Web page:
Lakota-Sioux Ceremonial Chief Frank Fools Crow.
Frank Fools Crow was born in 1890 or thereabouts at Porcupine on the Pine Ridge Reservation, South Dakota. Actual birth records were not kept but most accounts associate his birth around the time of the Wounded Knee massacre. His maternal and paternal ancestry include prominent figures in the Indian community. His maternal grandfather was Porcupine Tail after whom the community of Porcupine, South Dakota was named. His mother Spoon Hunter died shortly after his birth. His paternal grandfather Knife Chief participated in the Battle of the Little Bighorn.
His father Bear Eagle and uncle Iron Cloud were both important influences in his life. Bear Eagle lived in the traditional manner and refused to send his grandson to school. Consequently Fools Crow spoke, read or wrote very little in English, but was rich in the way and customs of traditional Lakota life. Iron Cloud gave his ceremonial pipe to Fools Crow just before his death in 1917. This event marked the maturing of Fools Crow as a Medicine Man. Throughout his life Frank Fools Crow worked tirelessly as a medicine man and as a spokesperson for his people, the Oglala -Lakota. As a medicine man he led Sun Dances, performed yuwipi and sweatlodge ceremonies.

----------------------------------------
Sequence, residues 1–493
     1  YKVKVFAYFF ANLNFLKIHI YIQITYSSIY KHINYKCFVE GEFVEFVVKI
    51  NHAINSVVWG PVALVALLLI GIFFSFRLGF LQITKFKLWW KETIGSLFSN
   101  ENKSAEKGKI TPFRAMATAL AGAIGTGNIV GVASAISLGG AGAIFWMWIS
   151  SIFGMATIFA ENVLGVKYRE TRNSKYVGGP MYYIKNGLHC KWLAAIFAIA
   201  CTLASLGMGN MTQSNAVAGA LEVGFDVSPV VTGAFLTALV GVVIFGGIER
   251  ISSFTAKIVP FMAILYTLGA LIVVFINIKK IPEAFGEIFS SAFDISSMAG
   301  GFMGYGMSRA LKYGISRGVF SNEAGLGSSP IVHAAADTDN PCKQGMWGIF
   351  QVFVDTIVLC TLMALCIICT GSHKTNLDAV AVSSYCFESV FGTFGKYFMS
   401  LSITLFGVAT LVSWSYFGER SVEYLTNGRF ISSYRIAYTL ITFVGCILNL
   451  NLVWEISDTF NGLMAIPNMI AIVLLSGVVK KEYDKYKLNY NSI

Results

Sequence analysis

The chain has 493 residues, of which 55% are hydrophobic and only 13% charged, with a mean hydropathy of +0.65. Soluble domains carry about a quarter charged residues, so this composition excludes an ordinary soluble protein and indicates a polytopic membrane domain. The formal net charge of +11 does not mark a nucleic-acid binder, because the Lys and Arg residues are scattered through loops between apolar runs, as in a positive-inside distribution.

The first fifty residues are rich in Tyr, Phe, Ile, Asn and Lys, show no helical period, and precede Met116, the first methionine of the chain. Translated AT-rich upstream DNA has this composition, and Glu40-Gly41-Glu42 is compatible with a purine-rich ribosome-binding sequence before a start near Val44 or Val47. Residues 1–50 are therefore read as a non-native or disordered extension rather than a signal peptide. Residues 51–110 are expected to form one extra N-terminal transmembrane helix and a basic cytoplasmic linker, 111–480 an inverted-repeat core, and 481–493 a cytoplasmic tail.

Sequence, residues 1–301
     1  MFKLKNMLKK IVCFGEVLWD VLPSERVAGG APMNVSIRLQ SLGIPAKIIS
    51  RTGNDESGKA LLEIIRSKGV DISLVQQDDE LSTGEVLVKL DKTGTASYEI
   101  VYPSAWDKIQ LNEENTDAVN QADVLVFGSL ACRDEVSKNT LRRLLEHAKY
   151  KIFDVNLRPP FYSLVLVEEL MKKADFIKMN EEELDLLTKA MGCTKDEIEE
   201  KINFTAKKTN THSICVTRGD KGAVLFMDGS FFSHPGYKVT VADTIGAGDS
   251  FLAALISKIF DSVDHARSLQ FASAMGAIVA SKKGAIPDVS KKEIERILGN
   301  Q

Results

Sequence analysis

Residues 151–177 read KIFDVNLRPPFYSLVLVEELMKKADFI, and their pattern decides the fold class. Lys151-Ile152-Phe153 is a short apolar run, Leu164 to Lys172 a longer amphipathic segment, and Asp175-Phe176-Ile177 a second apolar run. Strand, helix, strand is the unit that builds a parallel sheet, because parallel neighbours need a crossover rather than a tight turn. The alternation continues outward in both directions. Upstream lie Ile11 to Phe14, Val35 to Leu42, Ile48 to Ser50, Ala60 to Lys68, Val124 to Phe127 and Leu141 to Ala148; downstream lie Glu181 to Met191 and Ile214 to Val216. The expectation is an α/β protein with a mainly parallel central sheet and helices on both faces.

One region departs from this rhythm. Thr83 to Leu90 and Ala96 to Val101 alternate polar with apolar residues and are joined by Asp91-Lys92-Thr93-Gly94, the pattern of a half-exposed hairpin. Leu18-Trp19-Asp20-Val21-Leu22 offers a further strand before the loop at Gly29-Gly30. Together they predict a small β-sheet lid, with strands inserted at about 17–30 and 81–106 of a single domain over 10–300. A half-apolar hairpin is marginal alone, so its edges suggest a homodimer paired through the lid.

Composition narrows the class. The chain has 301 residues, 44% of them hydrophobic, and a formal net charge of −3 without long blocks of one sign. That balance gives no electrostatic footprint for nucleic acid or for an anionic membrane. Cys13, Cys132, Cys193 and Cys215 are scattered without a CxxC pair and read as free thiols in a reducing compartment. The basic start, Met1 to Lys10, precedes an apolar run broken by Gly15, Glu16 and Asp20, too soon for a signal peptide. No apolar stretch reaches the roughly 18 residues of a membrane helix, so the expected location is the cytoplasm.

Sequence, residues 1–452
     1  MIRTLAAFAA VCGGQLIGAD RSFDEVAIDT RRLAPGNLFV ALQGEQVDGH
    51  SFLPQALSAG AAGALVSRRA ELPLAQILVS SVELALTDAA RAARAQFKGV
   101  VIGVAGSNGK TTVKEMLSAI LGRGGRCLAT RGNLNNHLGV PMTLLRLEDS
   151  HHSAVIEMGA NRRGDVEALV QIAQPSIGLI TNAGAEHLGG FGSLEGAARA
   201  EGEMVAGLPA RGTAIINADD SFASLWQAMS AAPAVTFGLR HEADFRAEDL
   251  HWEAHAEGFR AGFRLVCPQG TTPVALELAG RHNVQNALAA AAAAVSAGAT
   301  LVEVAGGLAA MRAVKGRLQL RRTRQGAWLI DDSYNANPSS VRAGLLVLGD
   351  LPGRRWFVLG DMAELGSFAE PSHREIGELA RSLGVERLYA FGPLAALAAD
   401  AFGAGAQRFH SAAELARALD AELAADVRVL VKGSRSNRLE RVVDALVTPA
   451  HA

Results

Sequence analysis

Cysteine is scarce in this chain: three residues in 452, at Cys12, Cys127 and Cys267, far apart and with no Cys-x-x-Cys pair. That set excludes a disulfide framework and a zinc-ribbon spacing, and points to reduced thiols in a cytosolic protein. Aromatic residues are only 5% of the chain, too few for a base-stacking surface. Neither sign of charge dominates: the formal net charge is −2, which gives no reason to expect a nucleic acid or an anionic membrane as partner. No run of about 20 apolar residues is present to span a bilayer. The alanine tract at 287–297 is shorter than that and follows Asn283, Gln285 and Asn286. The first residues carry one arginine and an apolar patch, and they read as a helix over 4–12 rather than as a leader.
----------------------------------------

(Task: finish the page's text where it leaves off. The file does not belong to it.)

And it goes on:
Fools Crow also practiced healing through the use of herbs. As a spokesperson for his people, he met with President Gerald Ford, led his people in honouring Indian participants at the anniversary of the Little Bighorn, encouraged refusal on monetary settlement for the seizure of the sacred Paha Sapa’s and acted as a negotiator in the 1973 siege at Wounded Knee. As a ceremonial chief, Frank Fools Crow led his people by example. He maintained and promoted traditional Lakota values while seeking a way in the white man’s world through understanding and non-violence. Frank Fools Crow died in late 1989.
I had the pleasure to meet and photograph Fools Crow on the anniversary of the Little Bighorn battle at Cedar Lodge, South Dakota four months prior to his death. The Ceremonial Chief of the Lakota Nation was attending a small powwow with his family to celebrate the fiftieth anniversary of the Badlands National Park.
This entry was posted onSaturday, August 4th, 2012 at 4:21 pm and is filed under American Indian, Great Plains, USA, Photography. You can follow any responses to this entry through the RSS 2.0 feed. You can leave a response, or trackback from your own site.